Yet Turkey has long been a valuable operational member of the alliance — the Turkish forces under my command were highly professional and part of our efforts in Afghanistan, Libya and the Balkans, as well as against piracy on the high seas. Losing the nation with the second-largest army in the alliance would be a significant geopolitical mistake. It would also set a terrible precedent to see a nation feel it was driven out by sanctions. So the West needs to work toward an outcome that, at a minimum, keeps Turkey a functioning, contributing member of NATO.
A second key is to shift the debate away from its current context of a U.S.-Turkish dispute, and center the conversation in Brussels at NATO headquarters. There are 29 nations in NATO, and a 30th member — North Macedonia — will probably enter later this year or early next. A united alliance voice is needed to help persuade Turkey that the S-400 purchase is a mistake, but not the end of Turkey’s participation in NATO. It is vital to bend the arc of Turkish behavior away from Russia without managing to break it entirely.
Third, NATO allies should be thinking more creatively about how to address the specific concerns about the system. For example, there may be technical solutions to “wall off” the S-400 from the rest of NATO’s air-defense system, which is operated out of Ramstein Air Base in Germany (where I spent many days analyzing not only the efficacy of the system but the high degree of integration).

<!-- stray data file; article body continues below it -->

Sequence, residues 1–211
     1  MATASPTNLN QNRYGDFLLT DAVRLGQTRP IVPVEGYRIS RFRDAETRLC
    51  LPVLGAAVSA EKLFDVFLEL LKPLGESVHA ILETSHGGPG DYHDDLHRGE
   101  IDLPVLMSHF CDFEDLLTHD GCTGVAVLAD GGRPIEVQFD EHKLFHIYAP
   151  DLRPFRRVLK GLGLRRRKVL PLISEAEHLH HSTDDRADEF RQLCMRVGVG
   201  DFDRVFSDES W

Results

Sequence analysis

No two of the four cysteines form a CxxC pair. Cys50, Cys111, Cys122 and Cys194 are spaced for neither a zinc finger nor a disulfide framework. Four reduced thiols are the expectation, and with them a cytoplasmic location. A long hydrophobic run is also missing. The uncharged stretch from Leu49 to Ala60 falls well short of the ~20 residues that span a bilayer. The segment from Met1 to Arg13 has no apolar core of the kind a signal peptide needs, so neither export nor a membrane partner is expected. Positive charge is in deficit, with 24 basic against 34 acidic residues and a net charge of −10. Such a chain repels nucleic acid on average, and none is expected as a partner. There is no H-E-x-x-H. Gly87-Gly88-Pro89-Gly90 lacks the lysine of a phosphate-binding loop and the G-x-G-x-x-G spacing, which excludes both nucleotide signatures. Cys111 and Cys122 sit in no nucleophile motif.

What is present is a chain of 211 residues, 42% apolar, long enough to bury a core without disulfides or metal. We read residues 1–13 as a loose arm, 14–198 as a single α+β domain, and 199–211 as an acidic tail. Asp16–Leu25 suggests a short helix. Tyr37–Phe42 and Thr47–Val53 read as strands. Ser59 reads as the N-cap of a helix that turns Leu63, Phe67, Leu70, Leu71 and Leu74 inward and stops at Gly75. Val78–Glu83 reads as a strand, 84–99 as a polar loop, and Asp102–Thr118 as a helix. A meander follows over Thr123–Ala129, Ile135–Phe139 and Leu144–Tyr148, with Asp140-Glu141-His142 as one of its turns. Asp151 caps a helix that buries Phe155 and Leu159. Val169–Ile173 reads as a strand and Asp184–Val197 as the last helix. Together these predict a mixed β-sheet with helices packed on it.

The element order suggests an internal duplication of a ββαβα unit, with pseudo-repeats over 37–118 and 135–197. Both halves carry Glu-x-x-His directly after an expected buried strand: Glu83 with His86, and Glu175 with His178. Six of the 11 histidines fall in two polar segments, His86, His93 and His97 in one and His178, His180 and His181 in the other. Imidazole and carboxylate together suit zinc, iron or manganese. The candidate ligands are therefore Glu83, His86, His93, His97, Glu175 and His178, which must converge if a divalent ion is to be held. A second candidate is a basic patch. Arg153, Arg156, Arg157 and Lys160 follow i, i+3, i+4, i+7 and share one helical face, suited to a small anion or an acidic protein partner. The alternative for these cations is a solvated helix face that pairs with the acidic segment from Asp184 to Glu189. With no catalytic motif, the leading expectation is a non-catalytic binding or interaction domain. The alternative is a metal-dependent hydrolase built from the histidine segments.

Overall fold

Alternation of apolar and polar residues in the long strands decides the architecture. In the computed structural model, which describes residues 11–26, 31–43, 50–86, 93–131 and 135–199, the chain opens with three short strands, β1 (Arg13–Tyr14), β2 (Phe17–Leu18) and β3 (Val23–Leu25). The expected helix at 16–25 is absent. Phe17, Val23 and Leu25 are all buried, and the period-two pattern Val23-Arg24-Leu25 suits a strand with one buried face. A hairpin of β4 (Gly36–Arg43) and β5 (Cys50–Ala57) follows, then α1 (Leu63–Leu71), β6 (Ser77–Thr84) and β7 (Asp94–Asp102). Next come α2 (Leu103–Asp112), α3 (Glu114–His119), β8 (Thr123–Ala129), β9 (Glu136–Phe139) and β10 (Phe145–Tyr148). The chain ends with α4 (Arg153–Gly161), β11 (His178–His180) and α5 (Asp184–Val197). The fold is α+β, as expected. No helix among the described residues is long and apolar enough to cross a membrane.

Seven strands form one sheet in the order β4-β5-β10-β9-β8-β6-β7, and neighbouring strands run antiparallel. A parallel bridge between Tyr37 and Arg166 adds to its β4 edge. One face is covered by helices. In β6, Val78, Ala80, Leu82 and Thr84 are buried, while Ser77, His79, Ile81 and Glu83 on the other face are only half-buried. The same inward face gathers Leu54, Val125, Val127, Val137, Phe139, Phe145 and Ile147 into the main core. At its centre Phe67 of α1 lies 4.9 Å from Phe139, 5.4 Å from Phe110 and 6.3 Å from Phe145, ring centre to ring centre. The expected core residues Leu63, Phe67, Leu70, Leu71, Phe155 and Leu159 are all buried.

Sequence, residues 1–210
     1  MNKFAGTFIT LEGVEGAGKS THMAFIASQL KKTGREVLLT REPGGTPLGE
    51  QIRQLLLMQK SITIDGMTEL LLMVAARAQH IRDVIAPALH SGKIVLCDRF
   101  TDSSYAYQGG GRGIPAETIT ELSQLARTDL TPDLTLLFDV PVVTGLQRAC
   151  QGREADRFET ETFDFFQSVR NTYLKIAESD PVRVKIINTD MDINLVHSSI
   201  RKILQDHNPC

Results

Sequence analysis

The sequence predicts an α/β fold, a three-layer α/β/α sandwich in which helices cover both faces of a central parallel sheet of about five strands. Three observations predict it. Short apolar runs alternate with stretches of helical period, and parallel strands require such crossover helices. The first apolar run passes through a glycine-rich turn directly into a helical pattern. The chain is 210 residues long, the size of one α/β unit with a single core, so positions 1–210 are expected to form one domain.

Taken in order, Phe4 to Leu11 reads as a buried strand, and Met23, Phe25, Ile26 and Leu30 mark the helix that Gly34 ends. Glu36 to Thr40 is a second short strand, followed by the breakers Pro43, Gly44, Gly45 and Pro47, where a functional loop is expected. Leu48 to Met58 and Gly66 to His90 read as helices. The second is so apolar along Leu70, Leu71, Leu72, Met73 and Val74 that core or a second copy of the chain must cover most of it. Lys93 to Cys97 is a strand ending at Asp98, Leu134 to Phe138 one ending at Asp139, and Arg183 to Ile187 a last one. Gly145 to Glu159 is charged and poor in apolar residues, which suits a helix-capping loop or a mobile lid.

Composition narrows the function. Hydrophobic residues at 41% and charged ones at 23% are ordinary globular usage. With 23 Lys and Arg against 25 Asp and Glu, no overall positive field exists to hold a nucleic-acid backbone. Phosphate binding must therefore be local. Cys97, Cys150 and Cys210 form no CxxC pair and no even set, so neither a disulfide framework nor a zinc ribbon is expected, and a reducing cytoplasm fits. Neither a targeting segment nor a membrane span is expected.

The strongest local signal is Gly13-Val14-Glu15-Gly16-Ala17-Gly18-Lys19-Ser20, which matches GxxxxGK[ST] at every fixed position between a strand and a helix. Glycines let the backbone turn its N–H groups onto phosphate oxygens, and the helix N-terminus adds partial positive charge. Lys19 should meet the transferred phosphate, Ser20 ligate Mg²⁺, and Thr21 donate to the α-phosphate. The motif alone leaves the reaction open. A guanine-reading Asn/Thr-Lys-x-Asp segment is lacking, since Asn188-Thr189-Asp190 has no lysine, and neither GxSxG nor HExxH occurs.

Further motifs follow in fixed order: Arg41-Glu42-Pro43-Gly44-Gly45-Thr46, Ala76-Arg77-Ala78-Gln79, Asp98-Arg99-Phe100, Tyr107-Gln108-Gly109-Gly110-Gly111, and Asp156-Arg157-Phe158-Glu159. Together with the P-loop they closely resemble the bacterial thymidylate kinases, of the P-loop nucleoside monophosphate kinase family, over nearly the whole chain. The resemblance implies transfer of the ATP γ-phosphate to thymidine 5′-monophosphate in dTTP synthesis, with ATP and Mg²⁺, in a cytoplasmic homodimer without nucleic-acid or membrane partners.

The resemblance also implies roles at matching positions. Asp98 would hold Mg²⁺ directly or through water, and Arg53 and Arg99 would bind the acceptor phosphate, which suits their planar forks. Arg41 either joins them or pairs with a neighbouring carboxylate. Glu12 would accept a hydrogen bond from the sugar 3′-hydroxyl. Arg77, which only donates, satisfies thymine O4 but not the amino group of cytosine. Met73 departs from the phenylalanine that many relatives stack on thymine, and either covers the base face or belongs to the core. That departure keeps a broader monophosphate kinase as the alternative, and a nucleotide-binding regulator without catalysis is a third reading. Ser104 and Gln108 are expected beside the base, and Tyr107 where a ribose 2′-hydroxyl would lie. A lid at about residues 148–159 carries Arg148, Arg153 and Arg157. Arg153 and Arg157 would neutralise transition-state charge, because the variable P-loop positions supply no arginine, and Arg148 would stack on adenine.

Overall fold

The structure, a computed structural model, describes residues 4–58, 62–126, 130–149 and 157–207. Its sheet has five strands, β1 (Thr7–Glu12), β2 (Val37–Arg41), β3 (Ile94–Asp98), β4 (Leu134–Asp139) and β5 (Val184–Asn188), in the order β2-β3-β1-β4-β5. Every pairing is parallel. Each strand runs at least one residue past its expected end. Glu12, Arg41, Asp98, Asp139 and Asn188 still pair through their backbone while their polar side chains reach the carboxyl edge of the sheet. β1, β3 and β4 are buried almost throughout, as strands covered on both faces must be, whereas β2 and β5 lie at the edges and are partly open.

Or should NATO consider encouraging the Turks to keep the S-400s in mothballs, and then selling them another high-end air defense system, perhaps at a discounted rate, to meet their legitimate defense needs? Trump has offered Patriot missiles, and there are other good systems available that do not have the baggage of the Russian S-400. And in terms of selling Turkey F-35s, could it not be delayed (instead of canceled under sanctions) while NATO works out the problems?
Finally, it wouldn’t hurt to increase the level of engagement on other key fronts — from very senior exchanges of delegations to encouraging larger Turkish contributions in other NATO missions to personal conversations — for example, the Turkish minister of defense, former Gen. Hulusi Akar, is a friend of mine, and is well-known and respected in the Pentagon. More diplomatic and operational integration outside the relatively narrow ambit of air defense could be helpful.
Life is full of choices — for both individuals and nations. If Turkey chooses to go forward with the entire S-400 purchase, both sides in this dispute must work to create an acceptable outcome that doesn’t shatter alliance unity but also maintains the integrity of NATO air defenses and the stealth technology of the F-35. It can be done, but it will take a lot of work and willingness to compromise.
James Stavridis is a Bloomberg Opinion columnist. He is a retired U.S. Navy admiral and former supreme allied commander of NATO, and dean emeritus of the Fletcher School of Law and Diplomacy at Tufts University. He is also an operating executive consultant at the Carlyle Group and chairs the board of counselors at McLarty Associates.